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June 2, 2015

Help! I Need an Editor!

j0316779Hello everyone! I’m Sarah Dawson, an editor fortunate enough to have her own freelance company, WordPlay Editing. It’s not often that I get asked the question “Where can I find an editor?” because, of course, authors in contact with me have already found one! But being an editor means I know where other editors lurk, and I’d like to share some (hopefully) helpful ideas for how you can find an editor who fits your particular needs, especially if you don’t have anybody who can personally recommend an editor with whom they’ve worked.

By far the best editor-finding resource out there is the Editorial Freelance Association’s website. The EFA is a national organization of editors headquartered in New York, with regional chapters across the United States and members in countries across the world. Its website offers authors two (absolutely free!) ways to search for editors, both with links located on the upper right of each page of the site. The “find a freelancer” link allows you to look at editors’ profiles and the “submit a job listing” link allows you to request that interested editors contact you. Let me share a little bit more about each of these options.

Each editor who is a member of the EFA is given the opportunity to create a profile for him- or herself on the EFA website, talking about his or her qualifications, contact information, and particular area(s) of expertise. For an example, you can view my profile. The “find a freelancer” option gives you the chance to search these profiles by the criteria that matter to you, including limiting the search by state, skill, specialty, hardware, and/or software, as well as entering keywords and/or names as search terms. This is a great option if you have a specific type of editor in mind or would prefer to approach editors instead of having editors approach you.

j0309629If, on the other hand, you’d prefer to have any interested editors contact you, the “submit a job listing” option is your tool! This option lets you submit a job listing that will be quickly sent out to all EFA members subscribed to the feed (and that is a lot of editors!). The job listing form asks you to enter your contact information, the type of work/editing involved, a description of the project, the rate you’re looking to pay, and whether you’re looking for a remote editor or somebody in a particular location. This option saves you a lot of time and energy because it means that only those editors with interest in and time for your project will contact you…not to mention the fact that you don’t have to spend hours searching through editor profiles! This is also a great option if you need to find an editor in a hurry (say, if you’ve written an article and have a next-day deadline) because in most cases you’ll hear back from at least a few available editors within an hour or two of the listing being sent. Then, your only job will be to choose which editor you’d like to hire…but that’s a topic for another day!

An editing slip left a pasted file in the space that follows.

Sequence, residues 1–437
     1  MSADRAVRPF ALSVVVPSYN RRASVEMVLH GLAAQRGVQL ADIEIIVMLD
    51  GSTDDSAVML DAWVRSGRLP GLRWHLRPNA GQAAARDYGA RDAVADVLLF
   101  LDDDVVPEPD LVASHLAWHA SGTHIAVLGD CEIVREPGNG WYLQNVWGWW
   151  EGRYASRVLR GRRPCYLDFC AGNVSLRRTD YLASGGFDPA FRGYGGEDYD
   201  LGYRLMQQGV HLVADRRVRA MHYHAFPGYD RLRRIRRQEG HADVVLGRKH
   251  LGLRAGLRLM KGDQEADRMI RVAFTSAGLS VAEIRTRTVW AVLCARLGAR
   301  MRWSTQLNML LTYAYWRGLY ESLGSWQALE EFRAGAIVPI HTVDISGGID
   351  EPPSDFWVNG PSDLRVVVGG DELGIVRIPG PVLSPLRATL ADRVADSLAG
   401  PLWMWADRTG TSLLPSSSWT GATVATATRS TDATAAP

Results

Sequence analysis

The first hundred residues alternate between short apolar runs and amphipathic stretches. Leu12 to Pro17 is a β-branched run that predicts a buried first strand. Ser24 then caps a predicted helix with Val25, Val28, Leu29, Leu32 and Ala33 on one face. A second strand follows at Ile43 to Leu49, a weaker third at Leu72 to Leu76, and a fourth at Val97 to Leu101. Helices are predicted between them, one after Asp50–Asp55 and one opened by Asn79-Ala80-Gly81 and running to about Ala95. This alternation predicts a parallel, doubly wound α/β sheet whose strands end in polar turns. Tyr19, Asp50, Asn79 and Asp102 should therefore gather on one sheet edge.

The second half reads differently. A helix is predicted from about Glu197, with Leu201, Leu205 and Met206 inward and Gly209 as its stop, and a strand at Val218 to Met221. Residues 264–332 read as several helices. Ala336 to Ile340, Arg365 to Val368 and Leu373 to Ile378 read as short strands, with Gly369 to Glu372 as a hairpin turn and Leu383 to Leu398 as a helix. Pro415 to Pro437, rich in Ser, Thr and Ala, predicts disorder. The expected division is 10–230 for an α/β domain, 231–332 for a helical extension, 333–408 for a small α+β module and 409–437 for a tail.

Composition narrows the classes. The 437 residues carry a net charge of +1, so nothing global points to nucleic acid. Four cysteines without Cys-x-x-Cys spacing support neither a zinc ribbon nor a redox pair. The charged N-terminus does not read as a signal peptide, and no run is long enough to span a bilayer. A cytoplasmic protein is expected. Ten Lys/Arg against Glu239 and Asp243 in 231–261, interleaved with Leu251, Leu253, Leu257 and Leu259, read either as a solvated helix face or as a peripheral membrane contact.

Another great resource if you’d specifically like an editor in your city is your local editing association. Most cities in the country will have one; for example, in San Diego where I live, we have SD/PEN (the San Diego Professional Editors Network). A quick Google search should lead you to the active organization in your city. Just like on the EFA site, the local organization will likely have editor profiles for you to browse as well as a way to post job listings. If it’s important to you to be able to meet with your editor in person, your local organization is probably your best bet.

Finally, if all else fails, you could just do a Google search for an editor. While I don’t really recommend this method since it doesn’t give you any guarantees about a person’s skill level or professionalism, you might just be lucky enough to stumble upon a great editor’s website.

I hope you’ve found this little tutorial a helpful one and that you now know how to go about finding an editor if you don’t already have one. Please feel free to contact me via my website if you have any questions or are interested in having me as an editor…I always welcome inquiries from potential new clients! Otherwise, good luck with your writing, and good editor-hunting!

 

Sarah DawsonSarah Dawson is a librarian-turned-editor with nearly a decade of experience proofreading and editing. After earning her bachelor’s degree in English from UC Irvine and her Master of Library and Information Science degree from SJSU, Sarah worked as a high school librarian until she decided it was time for a change. Always an avid reader, she knew she still wanted to work with books, and her experience as a part-time proofreader and editor swayed her to the editing field. After earning her copyediting certificate from UCSD, she opened her own editing business, WordPlay Editing, now in its third successful year. Sarah resides in sunny San Diego, California, and in her off hours enjoys spending time with her husband and family, traveling, cooking, ballroom dance, and, of course, reading.